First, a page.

The Round Table - Balin and Balan
PELLAM the King, who held and lost with Lot
In that first war, and had his realm restored
But render’d tributary, fail’d of late
To send his tribute; wherefore Arthur call’d
His treasurer, one of many years, and spake,
“Go thou with him and him and bring it to us,
Lest we should set one truer on his throne.
Man’s word is God in man.”
His Baron said
“We go but harken: there be two strange knights
Who sit near Camelot at a fountain side,
A mile beneath the forest, challenging
And overthrowing every knight who comes.
Wilt thou I undertake them as we pass,
And send them to thee?”
Arthur laugh’d upon him.
“Old friend, too old to be so young, depart,
Delay not thou for aught, but let them sit,
Until they find a lustier than themselves.”
So these departed. Early, one fair dawn,
The light-wing’d spirit of his youth return’d
On Arthur’s heart; he arm’d himself and went,
So coming to the fountain-side beheld
Balin and Balan sitting statuelike,
Brethren, to right and left the spring, that down,
From underneath a plume of lady-fern,
Sang, and the sand danced at the bottom of it.
And on the right of Balin Balin’s horse
Was fast beside an alder, on the left
Of Balan Balan’s near a poplartree.
“Fair Sirs,” said Arthur, “wherefore sit ye here?”
Balin and Balan answer’d “For the sake
Of glory; we be mightier men than all
In Arthur’s court; that also have we proved;
For whatsoever knight against us came
Or I or he have easily overthrown.”
“I too,” said Arthur, “am of Arthur’s hall,
But rather proven in his Paynim wars
Than famous jousts; but see, or proven or not,
Whether me likewise ye can overthrow.”
And Arthur lightly smote the brethren down,
And lightly so return’d, and no man knew.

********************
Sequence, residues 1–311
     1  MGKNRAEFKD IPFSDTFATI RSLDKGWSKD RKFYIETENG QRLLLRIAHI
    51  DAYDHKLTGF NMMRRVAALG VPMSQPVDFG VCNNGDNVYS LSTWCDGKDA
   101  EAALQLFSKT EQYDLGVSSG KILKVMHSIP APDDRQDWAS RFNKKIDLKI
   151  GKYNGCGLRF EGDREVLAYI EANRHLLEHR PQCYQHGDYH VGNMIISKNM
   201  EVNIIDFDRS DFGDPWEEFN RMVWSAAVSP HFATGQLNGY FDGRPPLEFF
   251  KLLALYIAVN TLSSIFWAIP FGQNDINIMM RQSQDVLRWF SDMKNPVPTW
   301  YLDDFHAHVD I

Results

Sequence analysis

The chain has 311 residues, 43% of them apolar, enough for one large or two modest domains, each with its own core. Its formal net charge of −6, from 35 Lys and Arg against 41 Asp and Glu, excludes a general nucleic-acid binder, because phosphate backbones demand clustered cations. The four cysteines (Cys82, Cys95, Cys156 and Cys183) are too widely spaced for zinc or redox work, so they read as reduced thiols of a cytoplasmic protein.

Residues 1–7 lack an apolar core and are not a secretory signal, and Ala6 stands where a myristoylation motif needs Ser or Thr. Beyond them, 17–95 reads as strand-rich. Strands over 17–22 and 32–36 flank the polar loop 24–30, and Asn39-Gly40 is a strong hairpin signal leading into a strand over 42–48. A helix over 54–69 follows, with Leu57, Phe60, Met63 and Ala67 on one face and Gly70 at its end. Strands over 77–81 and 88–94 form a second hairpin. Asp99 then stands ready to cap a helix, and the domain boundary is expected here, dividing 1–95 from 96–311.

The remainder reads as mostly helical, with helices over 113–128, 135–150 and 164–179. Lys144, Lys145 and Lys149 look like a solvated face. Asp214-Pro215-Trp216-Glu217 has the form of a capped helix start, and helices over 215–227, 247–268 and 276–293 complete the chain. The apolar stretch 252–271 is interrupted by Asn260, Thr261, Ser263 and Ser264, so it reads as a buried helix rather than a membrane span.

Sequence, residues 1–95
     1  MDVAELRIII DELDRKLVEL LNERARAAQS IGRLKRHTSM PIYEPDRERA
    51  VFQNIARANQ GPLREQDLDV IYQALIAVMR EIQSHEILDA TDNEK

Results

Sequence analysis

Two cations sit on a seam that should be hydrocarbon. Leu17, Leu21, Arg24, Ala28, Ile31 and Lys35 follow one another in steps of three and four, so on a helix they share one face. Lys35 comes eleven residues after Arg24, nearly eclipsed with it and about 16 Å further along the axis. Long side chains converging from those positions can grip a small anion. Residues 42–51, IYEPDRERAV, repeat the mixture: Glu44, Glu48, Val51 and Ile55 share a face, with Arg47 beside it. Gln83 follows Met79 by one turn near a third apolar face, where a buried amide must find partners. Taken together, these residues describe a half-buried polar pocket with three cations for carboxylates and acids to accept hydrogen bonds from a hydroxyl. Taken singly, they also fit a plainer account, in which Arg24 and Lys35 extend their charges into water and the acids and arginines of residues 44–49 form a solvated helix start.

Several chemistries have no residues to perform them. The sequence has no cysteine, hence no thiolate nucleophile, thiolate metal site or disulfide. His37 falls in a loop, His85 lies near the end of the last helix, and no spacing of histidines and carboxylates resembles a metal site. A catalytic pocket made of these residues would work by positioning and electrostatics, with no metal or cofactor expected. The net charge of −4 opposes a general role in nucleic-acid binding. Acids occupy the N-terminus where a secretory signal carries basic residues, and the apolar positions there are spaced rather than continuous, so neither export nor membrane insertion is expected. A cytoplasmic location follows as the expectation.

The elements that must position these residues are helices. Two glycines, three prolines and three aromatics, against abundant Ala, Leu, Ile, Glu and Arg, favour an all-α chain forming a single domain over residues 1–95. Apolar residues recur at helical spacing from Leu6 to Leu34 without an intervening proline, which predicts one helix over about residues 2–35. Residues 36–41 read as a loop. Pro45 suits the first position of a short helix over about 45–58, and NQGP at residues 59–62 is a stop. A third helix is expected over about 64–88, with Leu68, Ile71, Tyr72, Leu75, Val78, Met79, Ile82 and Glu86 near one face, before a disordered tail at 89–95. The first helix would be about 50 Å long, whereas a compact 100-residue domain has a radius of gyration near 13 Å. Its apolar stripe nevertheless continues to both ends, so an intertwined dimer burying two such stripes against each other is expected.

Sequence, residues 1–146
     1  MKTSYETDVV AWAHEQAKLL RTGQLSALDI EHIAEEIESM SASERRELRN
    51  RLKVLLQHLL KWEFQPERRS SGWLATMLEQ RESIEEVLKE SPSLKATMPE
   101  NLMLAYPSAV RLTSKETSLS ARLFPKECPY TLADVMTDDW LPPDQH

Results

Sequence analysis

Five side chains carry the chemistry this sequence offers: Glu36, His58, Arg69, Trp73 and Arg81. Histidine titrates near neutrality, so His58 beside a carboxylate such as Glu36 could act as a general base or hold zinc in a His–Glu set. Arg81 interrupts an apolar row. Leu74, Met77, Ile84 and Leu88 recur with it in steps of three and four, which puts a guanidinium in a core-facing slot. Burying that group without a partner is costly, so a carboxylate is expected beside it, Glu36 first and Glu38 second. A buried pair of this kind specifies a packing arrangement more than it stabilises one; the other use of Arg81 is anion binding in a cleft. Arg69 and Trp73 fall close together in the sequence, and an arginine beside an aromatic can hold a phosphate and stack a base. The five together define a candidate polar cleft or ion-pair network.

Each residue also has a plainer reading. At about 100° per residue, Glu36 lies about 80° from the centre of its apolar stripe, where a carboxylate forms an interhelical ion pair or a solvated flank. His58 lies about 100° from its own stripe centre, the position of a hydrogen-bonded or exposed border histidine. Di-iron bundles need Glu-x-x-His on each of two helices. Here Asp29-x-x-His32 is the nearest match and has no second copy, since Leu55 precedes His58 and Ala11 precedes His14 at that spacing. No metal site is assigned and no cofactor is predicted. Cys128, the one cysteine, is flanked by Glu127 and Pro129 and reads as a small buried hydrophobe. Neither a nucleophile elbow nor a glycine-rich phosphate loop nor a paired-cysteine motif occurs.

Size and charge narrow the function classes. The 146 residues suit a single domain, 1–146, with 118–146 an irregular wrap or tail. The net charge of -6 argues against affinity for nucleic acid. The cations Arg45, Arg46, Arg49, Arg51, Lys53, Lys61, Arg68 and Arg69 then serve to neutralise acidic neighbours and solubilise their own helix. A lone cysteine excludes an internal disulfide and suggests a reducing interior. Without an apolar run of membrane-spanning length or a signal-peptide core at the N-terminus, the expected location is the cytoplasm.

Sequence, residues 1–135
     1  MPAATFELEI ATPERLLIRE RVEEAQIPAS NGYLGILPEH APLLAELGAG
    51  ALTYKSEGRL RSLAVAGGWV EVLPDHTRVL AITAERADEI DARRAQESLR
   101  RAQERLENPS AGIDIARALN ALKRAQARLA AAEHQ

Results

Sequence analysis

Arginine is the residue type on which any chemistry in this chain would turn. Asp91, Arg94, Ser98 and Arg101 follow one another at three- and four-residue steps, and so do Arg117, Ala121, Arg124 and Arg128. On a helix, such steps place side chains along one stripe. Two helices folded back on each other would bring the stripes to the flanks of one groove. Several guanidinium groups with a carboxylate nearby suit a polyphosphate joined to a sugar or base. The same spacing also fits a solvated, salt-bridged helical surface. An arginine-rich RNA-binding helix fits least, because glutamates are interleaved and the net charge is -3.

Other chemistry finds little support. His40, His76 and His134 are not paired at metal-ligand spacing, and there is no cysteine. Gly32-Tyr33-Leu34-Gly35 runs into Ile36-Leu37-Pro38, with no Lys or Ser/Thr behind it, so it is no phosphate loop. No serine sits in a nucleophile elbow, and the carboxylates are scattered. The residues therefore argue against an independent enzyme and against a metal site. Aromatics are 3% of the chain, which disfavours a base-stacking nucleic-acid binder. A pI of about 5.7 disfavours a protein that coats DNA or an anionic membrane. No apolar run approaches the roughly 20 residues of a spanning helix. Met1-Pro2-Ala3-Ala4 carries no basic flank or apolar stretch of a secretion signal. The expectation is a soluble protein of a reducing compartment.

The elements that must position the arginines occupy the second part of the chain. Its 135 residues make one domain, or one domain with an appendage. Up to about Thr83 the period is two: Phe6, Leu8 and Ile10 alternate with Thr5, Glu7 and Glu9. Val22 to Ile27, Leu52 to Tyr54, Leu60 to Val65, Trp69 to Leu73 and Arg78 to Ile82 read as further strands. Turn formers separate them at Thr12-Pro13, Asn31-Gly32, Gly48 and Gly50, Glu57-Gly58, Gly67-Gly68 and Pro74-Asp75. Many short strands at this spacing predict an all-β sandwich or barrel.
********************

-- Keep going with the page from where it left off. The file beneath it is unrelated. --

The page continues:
Then Balin rose, and Balan, and beside
The carolling water set themselves again,
And spake no word until the shadow turn’d;
When from the fringe of coppice round them burst
A spangled pursuivant, and crying “Sirs,
Rise, follow! ye be sent for by the King,”
They follow’d; whom when Arthur seeing ask’d
“Tell me your names; why sat ye by the well?”
Balin the stillness of a minute broke
Saying “An unmelodious name to thee,
Balin, ‘the Savage’—that addition thine—
My brother and my better, this man here,
Balan. I smote upon the naked skull
A thrall of thine in open hall, my hand
Was gauntleted, half slew him; for I heard
He had spoken evil of me; thy just wrath
Sent me a three-years’ exile from thine eyes.
I have not lived my life delightsomely:
For I that did that violence to thy thrall,
Had often wrought some fury on myself,
Saving for Balan: those three kingless years
Have past—were wormwood-bitter to me. King,
Methought that if we sat beside the well,
And hurl’d to ground what knight soever spurr’d
Against us, thou would’st take me gladlier back,
And make, as ten-times worthier to be thine
Than twenty Balins, Balan knight. I have said.
Not so—not all. A man of thine to-day
Abash’d us both, and brake my boast. Thy will?”
Said Arthur “Thou hast ever spoken truth;
Thy too fierce manhood would not let thee lie.
Rise, my true knight. As children learn, be thou
Wiser for falling! walk with me, and move
To music with thine Order and the King.
Thy chair, a grief to all the brethren, stands
Vacant, but thou retake it, mine again!”
Thereafter, when Sir Balin enter’d hall,
The Lost one Found was greeted as in Heaven
With joy that blazed itself in woodland wealth
Of leaf, and gayest garlandage of flowers,
Along the walls and down the board; they sat,
And cup clash’d cup; they drank and someone sang,
Sweet-voiced, a song of welcome, whereupon
Their common shout in chorus, mounting, made
Those banners of twelve battles overhead
Stir, as they stirr’d of old, when Arthur’s host
Proclaim’d him Victor, and the day was won.
Then Balan added to their Order lived
A wealthier life than heretofore with these
And Balin, till their embassage return’d.